Here is the current crop of breads at home spread out in the watery November sunshine between showers of rain.
From back to front:
Dan Lepard’s delicate milk loaf, good for toast, holding poached eggs and Brian’s favourite white bread.
A 7 seeded bread from Marks Bread in Bedminster. I’m working my way through his breads to see what they are all like. This is one is a nice, nutty seedy bread.
My Horst Bandel rye bread – you’ve met before!
Westphalian Pumpernickel kindly sent to me by Ulrike who is a Mellow Baking friend for me to compare with the Horst Bandel rye bread.
I eat them all but Brian will only eat the first two and he is not too sure about the seeds, though he will eat rye bread if it has caraway in. So I couldn’t ask anyone else’s opinion here. I am not particularly good at describing tastes but I will give it a shot…
Pumpernickel to a German bread eater means exactly this bread, dark and sweet, soft and dense, made only of very coarse ground rye (meal or Schrot), molasses, malted rye,* water, salt and yeast and baked for a very long time indeed. Looking at this bread it is quite distinctive and it has a unique texture and taste.
At a guess it doesn’t include whole grains soaked and boiled like the Jeffrey Hamelman bread.
Taste wise I am biased towards my own breads. I think that’s because I am used to them. My version of the Jeffrey Hamelman recipe is more chewy and grainy and it has a sourer taste too, which might be down to the long second prove it had this time round. It is not as sweet as the traditional pumpernickel, but then it only baked for about 5 hours as opposed to 20! My bread reminds me of the Danish and German Vollkorn breads more with its paler colour and chunkier texture.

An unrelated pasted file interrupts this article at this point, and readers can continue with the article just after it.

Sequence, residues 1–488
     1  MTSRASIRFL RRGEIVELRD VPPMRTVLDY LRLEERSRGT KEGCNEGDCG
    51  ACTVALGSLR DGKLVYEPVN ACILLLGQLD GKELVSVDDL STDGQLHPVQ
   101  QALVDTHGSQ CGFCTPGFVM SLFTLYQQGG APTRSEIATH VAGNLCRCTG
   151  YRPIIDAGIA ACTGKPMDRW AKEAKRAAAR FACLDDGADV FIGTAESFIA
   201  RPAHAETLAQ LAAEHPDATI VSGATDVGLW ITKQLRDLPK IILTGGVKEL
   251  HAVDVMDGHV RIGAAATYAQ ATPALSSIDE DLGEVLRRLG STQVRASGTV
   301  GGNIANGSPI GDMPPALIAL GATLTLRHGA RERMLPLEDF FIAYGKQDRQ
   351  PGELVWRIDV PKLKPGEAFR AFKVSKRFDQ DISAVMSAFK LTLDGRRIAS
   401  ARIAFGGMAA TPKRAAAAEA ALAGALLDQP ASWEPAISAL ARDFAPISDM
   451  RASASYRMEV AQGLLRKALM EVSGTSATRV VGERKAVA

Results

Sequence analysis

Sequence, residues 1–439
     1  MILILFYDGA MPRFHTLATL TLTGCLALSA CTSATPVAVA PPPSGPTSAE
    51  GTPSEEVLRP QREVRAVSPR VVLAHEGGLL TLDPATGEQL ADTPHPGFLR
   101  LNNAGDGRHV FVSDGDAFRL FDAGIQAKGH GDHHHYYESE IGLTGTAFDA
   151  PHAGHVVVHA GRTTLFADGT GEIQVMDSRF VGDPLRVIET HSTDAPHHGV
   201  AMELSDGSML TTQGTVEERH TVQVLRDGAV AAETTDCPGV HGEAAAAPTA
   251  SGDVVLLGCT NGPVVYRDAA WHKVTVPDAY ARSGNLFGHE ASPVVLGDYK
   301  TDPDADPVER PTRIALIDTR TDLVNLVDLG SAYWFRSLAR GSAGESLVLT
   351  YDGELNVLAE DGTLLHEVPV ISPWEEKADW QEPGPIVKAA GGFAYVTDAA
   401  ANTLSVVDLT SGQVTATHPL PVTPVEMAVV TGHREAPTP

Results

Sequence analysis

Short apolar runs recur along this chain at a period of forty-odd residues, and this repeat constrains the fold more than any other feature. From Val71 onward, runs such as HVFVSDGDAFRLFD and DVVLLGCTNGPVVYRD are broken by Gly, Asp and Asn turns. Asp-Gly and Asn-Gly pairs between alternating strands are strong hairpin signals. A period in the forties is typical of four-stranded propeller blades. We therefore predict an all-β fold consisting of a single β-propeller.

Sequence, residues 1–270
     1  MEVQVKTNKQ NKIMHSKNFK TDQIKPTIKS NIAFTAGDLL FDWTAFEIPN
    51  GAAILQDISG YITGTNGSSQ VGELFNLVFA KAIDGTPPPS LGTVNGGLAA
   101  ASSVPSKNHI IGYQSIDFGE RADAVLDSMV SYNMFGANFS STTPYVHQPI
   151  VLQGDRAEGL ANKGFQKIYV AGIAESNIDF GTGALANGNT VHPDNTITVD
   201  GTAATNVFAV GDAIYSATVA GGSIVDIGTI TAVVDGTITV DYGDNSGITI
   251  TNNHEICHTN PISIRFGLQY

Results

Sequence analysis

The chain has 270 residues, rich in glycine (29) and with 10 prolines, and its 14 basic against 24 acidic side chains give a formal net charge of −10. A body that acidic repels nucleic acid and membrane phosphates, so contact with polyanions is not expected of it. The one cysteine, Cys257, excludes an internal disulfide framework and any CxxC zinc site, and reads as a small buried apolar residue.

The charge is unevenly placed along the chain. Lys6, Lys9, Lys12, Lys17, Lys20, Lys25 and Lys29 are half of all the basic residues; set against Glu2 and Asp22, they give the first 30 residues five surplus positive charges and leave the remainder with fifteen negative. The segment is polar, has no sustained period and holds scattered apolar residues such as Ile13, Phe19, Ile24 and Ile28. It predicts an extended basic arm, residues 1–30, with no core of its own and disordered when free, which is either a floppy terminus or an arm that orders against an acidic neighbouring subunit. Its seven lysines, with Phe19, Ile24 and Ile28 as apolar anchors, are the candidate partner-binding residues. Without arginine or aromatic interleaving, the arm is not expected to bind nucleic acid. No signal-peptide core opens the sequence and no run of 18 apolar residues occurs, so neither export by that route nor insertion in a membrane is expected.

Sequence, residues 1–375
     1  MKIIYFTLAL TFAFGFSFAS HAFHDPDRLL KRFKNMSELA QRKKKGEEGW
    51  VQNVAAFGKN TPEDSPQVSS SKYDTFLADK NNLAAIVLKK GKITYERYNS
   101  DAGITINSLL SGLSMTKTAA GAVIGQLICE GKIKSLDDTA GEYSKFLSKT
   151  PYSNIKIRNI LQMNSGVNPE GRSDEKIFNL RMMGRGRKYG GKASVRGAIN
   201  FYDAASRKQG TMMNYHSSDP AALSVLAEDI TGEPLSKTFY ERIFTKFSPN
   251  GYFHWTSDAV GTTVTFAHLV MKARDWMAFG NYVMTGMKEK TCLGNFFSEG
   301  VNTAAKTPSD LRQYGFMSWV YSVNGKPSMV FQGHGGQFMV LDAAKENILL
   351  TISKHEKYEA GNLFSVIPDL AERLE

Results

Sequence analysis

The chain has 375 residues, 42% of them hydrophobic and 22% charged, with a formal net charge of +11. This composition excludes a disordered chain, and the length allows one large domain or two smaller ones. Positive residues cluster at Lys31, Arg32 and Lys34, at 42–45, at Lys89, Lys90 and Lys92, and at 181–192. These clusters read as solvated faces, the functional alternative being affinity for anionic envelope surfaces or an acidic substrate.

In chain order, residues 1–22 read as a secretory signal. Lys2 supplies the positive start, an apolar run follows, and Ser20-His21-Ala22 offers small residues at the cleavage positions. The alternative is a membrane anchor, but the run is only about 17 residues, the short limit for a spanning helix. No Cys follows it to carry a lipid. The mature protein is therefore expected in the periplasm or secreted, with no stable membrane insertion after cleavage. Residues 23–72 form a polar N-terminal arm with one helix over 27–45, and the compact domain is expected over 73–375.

What’s really interesting is I just Googled to see what was available here and look here is an export Pumpernickel from the same German company with an English label which is slightly different. It doesn’t mention molasses and has slightly less rye content. Do you think it has been ‘tweaked’ for the English market? I know all manner of products are changed slightly to make them more acceptable when they travel abroad, it looks as if pumpernickel does that too.
I have a similar reaction to Ulrike’s when I come across bright orange plastic cheese called Cheddar in, say, a Canadian supermarket. But apparently my Cheddar is only one sort of Cheddar, my sort has a special title ‘West Country Farmhouse Cheddar’ . OK, I didn’t know that, thanks Wiki! I suspect that not many people outside the food production world know that certain names are protected or have to be phrased in a particular way. Cheddar is just another word for a medium hard cheese to most people.(My favourite Cheddar ever by the way is made by Keens with unpasteurized milk.)
Maybe they should do the same for Westphalian Pumpernickel? I am sure it would count as a TSG if not a PGS. You can find out more about this complex area of protected names here on Wikipedia. I looked up Pumpernickel on the DOOR database but I couldn’t find it, though I did find Nurnberger Lebkuchen !
Do you have a treasured foodstuff that has been changed completely in its travels across the world?